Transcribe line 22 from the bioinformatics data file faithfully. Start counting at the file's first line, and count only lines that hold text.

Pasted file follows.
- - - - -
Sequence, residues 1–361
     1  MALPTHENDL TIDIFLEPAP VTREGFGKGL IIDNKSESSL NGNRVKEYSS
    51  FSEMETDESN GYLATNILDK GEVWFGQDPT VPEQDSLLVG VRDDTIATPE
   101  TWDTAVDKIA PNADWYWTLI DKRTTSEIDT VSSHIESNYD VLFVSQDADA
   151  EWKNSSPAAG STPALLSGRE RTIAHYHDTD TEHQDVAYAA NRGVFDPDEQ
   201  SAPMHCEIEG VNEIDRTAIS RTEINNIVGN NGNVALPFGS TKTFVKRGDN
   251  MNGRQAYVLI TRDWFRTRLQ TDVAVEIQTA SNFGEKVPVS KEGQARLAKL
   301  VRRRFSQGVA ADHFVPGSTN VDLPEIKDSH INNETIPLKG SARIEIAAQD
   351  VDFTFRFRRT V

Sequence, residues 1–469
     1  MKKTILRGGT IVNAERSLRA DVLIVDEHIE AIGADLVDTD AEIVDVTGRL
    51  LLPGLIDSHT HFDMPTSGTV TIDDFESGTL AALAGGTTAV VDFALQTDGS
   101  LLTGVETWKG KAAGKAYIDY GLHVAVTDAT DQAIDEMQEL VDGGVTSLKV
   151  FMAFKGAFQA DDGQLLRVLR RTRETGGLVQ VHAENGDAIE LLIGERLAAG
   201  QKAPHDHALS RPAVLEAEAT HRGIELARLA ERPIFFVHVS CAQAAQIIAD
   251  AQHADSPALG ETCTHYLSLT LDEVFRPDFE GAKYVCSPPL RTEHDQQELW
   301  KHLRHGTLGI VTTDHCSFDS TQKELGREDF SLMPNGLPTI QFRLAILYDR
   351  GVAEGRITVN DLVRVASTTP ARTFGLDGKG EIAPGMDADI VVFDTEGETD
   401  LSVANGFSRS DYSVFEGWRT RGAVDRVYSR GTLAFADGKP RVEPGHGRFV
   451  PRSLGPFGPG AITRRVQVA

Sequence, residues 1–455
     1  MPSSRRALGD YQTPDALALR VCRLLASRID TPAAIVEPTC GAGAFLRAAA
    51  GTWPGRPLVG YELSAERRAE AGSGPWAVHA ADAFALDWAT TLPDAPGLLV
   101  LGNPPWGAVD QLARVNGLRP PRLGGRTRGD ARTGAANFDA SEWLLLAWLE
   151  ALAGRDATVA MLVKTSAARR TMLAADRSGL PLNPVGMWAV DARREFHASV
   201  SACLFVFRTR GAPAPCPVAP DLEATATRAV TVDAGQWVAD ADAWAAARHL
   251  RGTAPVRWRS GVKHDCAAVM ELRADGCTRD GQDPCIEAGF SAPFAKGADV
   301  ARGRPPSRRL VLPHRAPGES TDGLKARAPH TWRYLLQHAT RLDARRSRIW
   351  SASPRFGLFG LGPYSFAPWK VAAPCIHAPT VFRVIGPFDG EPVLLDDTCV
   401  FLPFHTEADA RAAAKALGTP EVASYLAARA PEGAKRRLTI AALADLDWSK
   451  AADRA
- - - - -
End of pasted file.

     1  MPSSRRALGD YQTPDALALR VCRLLASRID TPAAIVEPTC GAGAFLRAAA